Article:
British Columbia Teachers for Peace and Global Education
A Provincial Specialist Association of the BC Teachers' Federation


Ten Myths about Ethical Investing and B.C. Teachers' Pension Fund

Myth #1: The fund through which B.C. teachers invest their pension contributions is already‘ethical’ and does not finance weapons manufacturers, for example.

Ethics are, of course, somewhat subjective.  However, it is clearly false that the British Columbia Investment Management Corporation (BCIMC) is not involved in unsavory investments such as weapons. A perfunctory look at the BCIMC investment portfolio reveals a large number of weapons-related investments, including General Dynamics, Northrop Grumman, Raytheon, DRS Technologies and BAE.  If you agree that teachers should not be financing companies that supply arms for illegal, aggressive wars – wars that kill and maim civilians, and destroy infrastructure – then surely we must divest of stocks in such companies.  For a complete list of BCIMC investments, go to:

Myth #2: If we were to divest of stocks in arms, we would end up divesting of everything in BCIMC’s portfolio.

It is true that some companies operate in both the civilian and military spheres.  However, many companies are concerned almost exclusively with the latter.  BAE, for example, derives 100% of its revenue from weapons manufacturing. BAE, General Dynamics, Northrop Grumman, Raytheon, and DRS are such companies.

Myth #3: As we do not have direct control over BCIMC, we are powerless to do anything about its investments.

It is true that we do not have direct control over BCIMC investments.  However, we can – along with other public sector employees, in cooperation with the Ministry of Finance – direct BCIMC in its investment practices. First we must direct our own Teachers’ Pension Board of Trustees to take an ethical stand.  Changes to the BCIMC investment portfolio cannot be made overnight – but we must start somewhere.  It is up to teachers to take a leadership role.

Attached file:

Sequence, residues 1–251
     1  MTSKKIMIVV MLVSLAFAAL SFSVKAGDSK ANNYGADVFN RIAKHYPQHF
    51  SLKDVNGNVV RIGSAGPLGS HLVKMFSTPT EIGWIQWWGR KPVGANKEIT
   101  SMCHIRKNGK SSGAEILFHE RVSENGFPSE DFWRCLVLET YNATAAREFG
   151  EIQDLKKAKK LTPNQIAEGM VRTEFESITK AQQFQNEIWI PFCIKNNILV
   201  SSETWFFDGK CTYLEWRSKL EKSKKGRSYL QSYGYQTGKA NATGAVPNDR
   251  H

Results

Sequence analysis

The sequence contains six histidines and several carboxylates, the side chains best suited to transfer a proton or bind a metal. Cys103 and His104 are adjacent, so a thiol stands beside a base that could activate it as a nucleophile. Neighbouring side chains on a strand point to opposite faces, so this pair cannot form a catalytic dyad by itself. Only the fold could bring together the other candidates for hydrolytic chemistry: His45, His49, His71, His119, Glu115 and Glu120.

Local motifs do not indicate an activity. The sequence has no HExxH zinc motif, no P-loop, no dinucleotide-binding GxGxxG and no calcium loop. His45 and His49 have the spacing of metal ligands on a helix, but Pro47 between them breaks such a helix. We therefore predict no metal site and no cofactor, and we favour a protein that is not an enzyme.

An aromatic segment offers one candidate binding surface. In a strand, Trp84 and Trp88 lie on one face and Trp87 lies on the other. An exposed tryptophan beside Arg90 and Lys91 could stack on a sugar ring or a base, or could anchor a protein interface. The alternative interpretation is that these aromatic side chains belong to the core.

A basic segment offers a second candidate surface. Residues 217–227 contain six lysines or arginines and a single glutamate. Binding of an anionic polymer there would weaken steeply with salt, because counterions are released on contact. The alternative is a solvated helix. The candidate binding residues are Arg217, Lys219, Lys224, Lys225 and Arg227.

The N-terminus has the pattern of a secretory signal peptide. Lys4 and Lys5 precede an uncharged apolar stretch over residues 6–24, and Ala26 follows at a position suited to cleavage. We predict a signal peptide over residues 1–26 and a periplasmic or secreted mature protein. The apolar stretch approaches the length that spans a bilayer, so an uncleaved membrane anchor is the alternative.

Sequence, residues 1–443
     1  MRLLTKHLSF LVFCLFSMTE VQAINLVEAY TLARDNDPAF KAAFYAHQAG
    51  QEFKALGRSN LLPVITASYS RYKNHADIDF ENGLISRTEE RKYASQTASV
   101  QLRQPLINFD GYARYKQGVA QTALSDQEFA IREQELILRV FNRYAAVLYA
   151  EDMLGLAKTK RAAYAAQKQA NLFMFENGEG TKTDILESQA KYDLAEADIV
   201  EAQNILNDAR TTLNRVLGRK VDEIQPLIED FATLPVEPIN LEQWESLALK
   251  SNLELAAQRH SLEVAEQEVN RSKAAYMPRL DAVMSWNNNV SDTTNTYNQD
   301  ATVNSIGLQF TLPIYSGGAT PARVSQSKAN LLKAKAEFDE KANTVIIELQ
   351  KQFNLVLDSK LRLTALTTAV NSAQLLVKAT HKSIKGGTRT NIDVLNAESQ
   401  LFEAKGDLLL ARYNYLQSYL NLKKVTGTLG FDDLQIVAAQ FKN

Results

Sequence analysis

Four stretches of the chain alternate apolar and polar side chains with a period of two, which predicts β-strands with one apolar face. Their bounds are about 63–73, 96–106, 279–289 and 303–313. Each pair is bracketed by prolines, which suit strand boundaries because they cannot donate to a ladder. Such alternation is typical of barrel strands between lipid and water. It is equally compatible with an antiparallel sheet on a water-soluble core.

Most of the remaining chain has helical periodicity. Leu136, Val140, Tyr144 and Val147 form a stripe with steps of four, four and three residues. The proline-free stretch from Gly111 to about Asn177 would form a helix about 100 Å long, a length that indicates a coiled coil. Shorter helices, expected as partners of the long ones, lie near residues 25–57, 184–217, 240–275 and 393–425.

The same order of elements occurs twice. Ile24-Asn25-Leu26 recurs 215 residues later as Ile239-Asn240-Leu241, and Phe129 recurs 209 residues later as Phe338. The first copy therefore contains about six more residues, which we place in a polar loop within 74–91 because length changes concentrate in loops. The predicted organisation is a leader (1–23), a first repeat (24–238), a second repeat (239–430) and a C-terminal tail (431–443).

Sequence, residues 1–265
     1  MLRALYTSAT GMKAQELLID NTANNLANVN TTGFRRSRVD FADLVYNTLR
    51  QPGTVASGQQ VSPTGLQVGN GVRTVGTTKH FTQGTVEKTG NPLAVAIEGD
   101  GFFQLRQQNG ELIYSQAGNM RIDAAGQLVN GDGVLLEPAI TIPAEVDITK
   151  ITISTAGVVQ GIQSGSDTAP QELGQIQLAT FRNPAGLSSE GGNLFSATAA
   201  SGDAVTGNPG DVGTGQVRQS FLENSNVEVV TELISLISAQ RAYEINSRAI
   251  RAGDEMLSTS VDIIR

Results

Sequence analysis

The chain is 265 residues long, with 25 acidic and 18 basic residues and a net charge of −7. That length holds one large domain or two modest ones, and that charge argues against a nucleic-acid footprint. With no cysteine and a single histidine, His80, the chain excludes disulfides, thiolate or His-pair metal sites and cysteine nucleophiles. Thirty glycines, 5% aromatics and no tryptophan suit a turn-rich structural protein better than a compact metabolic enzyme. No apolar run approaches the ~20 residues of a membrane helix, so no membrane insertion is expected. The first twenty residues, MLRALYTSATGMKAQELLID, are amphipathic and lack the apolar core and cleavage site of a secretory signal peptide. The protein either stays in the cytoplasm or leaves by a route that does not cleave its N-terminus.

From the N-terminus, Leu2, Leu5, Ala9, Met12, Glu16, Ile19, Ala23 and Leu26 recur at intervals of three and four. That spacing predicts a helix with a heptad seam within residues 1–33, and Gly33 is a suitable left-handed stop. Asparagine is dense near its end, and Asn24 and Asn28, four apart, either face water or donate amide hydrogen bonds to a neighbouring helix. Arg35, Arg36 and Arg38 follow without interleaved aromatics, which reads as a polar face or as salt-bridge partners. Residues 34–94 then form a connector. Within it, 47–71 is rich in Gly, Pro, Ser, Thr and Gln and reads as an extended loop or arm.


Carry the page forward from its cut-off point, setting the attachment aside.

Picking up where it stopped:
Myth #4: If we did not invest in weapons manufacturing and other ‘unethical’ endeavours, our pension would run out of money.

Anything on the stock market can gain or lose value – regardless of whether it is ‘ethical’ or ‘unethical’.  That’s how the stock market works.  There is evidence, however, that ‘ethical’ investments may in fact be more stable.  Peter Chapman, Executive Director of the Vancouver-based Shareholder Association for Research and Education ( has stated that divestment of ‘unethical’ stocks can actually be in the best financial interest – that is, serve the fiduciary responsibility – of an investor such as BCIMC.  As an example of this, the Norwegian Government Pension Fund– which has divested of (that is, excluded) stocks in companies that manufacture arms, pollute excessively, and violate labour standards – has made consistent gains.

Myth #5: A pension fund like Norway’s might be good for that country, but would not work in Canada.

The Norwegian Fund and BCIMC both invest internationally.  Their investments are not national or local in character.

Myth #6: Because the Norwegian Government Pension Fund invests Norway’s petroleum revenue, and BCIMC invests contributions from employee wages, there can be no comparison.